COMOX, B.C. – The Town of Comox wants to hear from you about secondary suites and coach houses.

The town is hosting a public hearing on April 3 to consider an amendment to its Official Community Plan to:

  • Amend the zoning definition of a secondary suite to allow a side-by-side secondary suite, i.e. secondary suite, to be located beside the principal dwelling unit;
  • create a new development permit area for side-by-side secondary suites; and
  • allow coach houses in most single-family zones as an outright use, as opposed to requiring site by site rezoning.

Town councillor Alex Bissinger explains: “A couple years ago, the Town of Comox amended their OCP and zoning bylaw to make sure that we can have secondary suites basically in all single family homes. So basically, people just have to go to the planning department, get a building permit, and then they can put a suite in without having to go through rezoning.”

Bissinger said this was well suited for split level homes because the suites had to be contained within the home.

The town is now looking at legalizing side-by-side secondary suites, so that owners of rancher-style homes can get a building permit without having to go through the rezoning process, in order to have a secondary suite.

As well, the town is considering legalizing coach houses.

Currently, residents who want to add a coach house have to apply for rezoning, regardless of the size of their lots.

According to Bissinger, this is usually a six-month process.

“We’re going to amend the OCP and amend the zoning bylaw so that anyone that has a property that’s over 500 square metres can go to the planning department, get your building permit, and put in a coach house in your backyard,” Bissinger said.

There are concerns among residents about parking issues, if the bylaw is amended. Bissinger noted that residents with secondary suites or a coach houses must provide one additional off-street parking spot.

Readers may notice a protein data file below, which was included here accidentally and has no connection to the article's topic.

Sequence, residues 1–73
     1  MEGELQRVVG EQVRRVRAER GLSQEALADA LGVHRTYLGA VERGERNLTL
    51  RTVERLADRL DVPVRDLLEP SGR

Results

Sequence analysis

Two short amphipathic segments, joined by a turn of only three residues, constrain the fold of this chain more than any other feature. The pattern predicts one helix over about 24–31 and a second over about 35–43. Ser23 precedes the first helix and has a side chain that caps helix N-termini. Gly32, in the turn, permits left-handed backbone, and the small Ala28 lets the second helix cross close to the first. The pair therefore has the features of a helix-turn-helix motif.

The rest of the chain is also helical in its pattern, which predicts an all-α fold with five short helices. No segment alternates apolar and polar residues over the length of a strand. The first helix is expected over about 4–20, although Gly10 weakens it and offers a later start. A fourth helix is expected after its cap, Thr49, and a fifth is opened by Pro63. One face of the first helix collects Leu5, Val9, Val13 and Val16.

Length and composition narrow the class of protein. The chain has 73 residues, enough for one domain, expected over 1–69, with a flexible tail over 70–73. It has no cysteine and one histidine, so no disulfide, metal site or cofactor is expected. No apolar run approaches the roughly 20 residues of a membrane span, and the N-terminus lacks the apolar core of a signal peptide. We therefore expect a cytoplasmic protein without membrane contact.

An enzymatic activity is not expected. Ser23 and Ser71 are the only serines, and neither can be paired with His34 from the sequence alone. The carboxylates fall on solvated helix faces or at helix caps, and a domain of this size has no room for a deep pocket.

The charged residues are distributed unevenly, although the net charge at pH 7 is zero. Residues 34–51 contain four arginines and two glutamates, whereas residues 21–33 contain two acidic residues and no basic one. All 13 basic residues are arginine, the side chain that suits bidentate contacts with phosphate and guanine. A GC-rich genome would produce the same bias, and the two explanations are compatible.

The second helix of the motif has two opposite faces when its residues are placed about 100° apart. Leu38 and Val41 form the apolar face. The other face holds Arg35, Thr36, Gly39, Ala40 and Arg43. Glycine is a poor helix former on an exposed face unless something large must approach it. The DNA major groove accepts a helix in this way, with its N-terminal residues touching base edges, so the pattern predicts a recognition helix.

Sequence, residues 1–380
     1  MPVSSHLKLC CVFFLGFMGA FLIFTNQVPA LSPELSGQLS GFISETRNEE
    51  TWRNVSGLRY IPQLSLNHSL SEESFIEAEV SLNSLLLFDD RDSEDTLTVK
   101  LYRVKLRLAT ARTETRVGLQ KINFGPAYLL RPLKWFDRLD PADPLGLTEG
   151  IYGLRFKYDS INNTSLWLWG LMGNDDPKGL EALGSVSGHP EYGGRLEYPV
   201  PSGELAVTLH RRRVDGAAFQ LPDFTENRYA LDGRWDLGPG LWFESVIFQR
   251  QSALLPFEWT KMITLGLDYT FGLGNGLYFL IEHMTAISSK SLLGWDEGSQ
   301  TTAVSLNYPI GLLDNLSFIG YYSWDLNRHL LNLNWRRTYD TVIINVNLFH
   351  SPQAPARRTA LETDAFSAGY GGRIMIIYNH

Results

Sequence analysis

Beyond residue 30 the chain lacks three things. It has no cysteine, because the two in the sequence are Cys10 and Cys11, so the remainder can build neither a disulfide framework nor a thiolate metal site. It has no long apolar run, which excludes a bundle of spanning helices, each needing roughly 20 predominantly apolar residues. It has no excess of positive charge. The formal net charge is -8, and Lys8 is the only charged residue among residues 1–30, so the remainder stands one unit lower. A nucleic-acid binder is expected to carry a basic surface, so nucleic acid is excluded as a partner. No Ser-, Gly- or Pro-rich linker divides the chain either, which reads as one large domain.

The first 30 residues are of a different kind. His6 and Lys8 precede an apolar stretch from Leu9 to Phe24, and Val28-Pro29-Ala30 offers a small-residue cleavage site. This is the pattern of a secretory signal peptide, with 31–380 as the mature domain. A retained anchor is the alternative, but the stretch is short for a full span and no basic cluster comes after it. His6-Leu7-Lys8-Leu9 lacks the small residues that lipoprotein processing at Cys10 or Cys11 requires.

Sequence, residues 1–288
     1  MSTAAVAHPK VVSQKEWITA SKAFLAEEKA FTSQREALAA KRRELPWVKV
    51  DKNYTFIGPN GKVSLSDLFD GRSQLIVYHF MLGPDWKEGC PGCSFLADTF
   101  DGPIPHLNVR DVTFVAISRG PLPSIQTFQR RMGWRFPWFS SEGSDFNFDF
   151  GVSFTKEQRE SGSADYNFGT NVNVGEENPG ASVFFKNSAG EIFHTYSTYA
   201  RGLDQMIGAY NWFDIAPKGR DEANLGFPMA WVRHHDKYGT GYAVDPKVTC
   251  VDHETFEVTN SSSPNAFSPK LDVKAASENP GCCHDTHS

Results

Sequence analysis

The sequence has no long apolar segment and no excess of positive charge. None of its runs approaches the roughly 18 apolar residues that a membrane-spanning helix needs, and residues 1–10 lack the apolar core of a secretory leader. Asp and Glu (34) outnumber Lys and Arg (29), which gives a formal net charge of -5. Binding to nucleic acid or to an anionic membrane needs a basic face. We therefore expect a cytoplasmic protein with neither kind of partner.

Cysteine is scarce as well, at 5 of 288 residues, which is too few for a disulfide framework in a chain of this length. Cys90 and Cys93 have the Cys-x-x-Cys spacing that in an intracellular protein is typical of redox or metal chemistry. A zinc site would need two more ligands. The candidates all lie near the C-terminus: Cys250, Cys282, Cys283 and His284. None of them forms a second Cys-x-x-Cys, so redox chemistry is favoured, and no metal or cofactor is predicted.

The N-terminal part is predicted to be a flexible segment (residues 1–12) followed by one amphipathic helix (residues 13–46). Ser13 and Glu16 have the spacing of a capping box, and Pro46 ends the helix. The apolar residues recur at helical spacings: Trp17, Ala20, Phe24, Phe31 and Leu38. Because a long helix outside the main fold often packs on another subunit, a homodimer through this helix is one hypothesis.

“You have to have an extra parking spot in your driveway,” Bissinger said.

Overall, the intention is to add housing supply to the town, according to Bissinger.

“And also have the multi-generational households, having people with parents in their coach house or even having retirees move into their coach house and rent out their main house to a young family or something like that,” she added.

Bissinger noted that one of the units must be occupied by the home owner.

“By having it that way, we keep the owner pride to the property and to make sure things are in check,” Bissinger explained. “We want to make sure that if we are adding housing and ‘densifying,’ that it’s built in a controlled manner that way, as well.”

There is also concern about the coach houses being rented out as Airbnbs.

Council is looking at regulating Airbnbs so that coach houses don’t become short term rentals, and are used as long-term housing stocks.

Bissinger said this “is a great way to go.”

“It opens up a lot of doors for younger people who want to get into the housing market because that way they could put in a coach house as a rental or even have their parents move in. There’s a huge push for the age-in-place concept. Instead of selling your house because there’s stairs, you can build a coach house, live in the back, stay at your home and get all of the services that you want without having to move into a condo. I’m really excited about it, for sure.”

After the public hearing, staff will gather public comments, and the bylaw will go to a fourth hearing and then, possibly, bylaw adoption.